"I believe the goal of SWAHA (Southwest Arkansas Healthcare Authority) is to get control back in the hands of the people of Hempstead County. That's you. That's the city. And to do that, we want to own the property back again, and we want to make sure that we can control the license of the hospital and who operates it within that hospital. That's the goal of most of the people that have been around the table trying to discuss what goes on," Pafford-Gresham said.

JP David Clayton read the three-page ordinance appropriating the funds. The motion to pass it was made by JP Jessie Henry. 

In the meantime, Powell said, the Southwest Arkansas Healthcare Authority is filing paperwork to apply for American Rescue Plan Act funding and other funding from the state of Arkansas to assist with potential transition costs that may be needed to upgrade the hospital's facilities and keep it running as a new owner takes control, but because of the time it takes to receive such funds, the city and the county's help is needed immediately.

"Our intention is not to ask you to operate a hospital long term. There may be needs from our community for the future for the long term support our hospital, but we're not asking you for that today. We're asking you simply to support our hospital in the time of need. And so you may not get an invoice ever. You may get one next month. We don't know. Hempstead County Economic Development will be the holder of those funds. We will be dispersing those funds. Legally, that's the way that it can be done," Powell said.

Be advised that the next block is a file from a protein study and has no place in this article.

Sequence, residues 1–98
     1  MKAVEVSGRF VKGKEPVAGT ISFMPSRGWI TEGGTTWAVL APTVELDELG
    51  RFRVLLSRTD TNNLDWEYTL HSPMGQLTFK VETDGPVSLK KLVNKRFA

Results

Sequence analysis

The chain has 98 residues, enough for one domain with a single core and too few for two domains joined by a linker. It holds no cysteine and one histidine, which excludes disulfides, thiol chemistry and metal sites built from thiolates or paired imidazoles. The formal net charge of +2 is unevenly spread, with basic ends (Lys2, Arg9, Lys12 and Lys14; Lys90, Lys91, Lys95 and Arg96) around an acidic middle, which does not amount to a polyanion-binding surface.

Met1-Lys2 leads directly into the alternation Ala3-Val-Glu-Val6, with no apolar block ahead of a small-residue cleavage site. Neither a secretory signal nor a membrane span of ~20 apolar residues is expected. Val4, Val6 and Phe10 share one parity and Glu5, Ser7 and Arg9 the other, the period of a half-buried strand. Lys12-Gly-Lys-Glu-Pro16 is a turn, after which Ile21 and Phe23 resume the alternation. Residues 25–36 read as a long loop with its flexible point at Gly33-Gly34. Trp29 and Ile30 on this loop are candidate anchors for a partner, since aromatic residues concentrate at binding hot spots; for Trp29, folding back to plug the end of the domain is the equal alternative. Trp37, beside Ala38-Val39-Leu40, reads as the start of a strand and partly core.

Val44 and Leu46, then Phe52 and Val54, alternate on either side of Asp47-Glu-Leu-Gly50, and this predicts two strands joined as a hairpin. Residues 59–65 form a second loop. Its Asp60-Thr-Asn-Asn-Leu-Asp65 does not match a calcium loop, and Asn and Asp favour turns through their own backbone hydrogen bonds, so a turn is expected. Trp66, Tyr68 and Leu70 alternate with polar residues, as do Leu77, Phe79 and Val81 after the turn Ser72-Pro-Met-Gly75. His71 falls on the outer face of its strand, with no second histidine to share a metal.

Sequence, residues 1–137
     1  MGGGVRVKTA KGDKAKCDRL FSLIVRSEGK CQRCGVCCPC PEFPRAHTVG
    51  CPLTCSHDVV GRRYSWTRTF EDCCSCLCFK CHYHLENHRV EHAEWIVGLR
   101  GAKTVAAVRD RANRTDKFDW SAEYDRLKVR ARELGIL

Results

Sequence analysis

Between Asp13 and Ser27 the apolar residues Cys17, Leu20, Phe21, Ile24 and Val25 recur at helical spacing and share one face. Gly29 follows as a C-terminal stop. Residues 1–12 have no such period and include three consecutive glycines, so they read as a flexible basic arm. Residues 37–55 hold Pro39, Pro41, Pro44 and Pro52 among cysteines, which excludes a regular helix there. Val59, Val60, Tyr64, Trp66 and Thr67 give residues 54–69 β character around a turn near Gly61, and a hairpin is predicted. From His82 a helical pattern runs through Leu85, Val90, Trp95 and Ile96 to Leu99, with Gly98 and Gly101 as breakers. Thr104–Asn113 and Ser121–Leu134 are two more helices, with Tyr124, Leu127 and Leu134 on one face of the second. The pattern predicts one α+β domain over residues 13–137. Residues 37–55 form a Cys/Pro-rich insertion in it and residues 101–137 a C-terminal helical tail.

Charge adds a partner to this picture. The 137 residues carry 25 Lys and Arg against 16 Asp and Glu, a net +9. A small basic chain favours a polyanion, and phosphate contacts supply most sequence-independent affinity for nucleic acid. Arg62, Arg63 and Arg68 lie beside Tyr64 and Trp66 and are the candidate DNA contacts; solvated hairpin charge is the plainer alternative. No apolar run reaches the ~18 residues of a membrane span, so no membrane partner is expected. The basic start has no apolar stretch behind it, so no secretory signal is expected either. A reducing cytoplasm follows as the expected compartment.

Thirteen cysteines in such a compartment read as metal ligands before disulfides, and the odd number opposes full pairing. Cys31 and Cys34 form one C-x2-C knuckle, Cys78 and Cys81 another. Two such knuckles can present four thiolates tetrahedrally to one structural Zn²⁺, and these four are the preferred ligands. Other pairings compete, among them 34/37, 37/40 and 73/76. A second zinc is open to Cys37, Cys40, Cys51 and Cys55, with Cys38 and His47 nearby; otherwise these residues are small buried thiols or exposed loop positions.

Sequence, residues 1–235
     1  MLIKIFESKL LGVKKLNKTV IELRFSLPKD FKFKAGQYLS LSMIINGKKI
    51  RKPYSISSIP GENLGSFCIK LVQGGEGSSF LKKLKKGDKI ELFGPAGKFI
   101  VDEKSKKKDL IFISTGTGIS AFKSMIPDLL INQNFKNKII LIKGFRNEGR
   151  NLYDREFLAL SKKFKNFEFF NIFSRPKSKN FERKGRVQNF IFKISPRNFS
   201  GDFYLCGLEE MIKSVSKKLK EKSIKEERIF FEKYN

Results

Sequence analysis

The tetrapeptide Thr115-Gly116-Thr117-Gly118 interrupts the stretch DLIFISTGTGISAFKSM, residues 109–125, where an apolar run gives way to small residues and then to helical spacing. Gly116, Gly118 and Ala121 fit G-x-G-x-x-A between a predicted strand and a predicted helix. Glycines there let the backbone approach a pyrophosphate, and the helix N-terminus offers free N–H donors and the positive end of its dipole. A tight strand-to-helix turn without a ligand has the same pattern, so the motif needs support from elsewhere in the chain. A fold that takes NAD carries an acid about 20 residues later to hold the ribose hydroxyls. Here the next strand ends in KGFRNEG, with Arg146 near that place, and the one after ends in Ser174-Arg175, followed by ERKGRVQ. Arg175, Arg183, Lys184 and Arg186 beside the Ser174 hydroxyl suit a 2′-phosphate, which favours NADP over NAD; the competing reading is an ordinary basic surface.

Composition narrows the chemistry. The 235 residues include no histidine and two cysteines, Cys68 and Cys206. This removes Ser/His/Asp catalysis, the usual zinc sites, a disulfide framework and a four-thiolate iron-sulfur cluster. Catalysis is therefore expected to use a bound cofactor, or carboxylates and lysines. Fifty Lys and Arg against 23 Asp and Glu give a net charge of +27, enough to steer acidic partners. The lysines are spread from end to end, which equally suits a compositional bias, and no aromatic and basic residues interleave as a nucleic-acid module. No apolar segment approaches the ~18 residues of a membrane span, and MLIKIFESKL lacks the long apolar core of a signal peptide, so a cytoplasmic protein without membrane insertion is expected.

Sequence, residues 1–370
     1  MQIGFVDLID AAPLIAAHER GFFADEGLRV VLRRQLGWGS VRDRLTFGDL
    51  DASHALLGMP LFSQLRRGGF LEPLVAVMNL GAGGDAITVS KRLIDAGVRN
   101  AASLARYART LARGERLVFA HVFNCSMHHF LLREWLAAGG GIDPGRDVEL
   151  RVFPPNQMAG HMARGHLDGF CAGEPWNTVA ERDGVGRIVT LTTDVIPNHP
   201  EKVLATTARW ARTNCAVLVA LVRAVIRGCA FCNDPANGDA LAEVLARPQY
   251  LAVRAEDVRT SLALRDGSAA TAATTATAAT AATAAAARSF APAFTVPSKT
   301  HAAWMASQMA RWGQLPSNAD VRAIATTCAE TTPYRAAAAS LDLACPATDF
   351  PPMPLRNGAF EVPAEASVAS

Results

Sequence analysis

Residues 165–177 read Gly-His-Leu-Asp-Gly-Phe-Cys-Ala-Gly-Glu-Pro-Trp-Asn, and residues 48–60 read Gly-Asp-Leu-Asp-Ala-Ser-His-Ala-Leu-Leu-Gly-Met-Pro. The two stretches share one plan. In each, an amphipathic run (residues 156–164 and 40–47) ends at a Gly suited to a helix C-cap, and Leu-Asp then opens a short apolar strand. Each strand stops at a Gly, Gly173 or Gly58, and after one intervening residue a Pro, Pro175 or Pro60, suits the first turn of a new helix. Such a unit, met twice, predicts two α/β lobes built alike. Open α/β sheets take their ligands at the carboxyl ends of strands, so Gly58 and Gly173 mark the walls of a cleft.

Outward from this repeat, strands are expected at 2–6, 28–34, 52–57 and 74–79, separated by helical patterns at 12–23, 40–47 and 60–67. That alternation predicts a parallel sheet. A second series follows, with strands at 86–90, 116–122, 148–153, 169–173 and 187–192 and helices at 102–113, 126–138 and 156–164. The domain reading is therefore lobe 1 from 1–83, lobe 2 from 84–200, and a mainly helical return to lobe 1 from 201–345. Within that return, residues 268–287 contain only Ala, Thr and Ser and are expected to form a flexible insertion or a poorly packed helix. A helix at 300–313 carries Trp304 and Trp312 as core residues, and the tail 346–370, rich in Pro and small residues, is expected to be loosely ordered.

In answer to a question of whether the hospital's staff were in anxiety, Powell said, "If we don't have these funds, we risk our our employees at our hospital who have families to feed. They have rent to pay, car payments to pay, and if they are lacking their paycheck, they can't operate their household. Whenever there's instability in the household, people have to go look for their job. And we don't want that. We don't want our health care professionals to go searching for other jobs, because they're in fear."

The ordinance passed by the quorum court can be seen below. After the documents, SWARK.Today's video of the complete meeting can be seen.